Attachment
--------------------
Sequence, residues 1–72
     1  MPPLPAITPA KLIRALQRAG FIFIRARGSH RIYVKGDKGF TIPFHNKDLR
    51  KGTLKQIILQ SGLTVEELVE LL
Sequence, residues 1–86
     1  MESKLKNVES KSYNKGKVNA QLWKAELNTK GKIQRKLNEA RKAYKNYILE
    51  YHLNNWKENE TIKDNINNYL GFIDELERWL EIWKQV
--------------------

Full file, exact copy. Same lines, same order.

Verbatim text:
Sequence, residues 1–72
     1  MPPLPAITPA KLIRALQRAG FIFIRARGSH RIYVKGDKGF TIPFHNKDLR
    51  KGTLKQIILQ SGLTVEELVE LL
Sequence, residues 1–86
     1  MESKLKNVES KSYNKGKVNA QLWKAELNTK GKIQRKLNEA RKAYKNYILE
    51  YHLNNWKENE TIKDNINNYL GFIDELERWL EIWKQV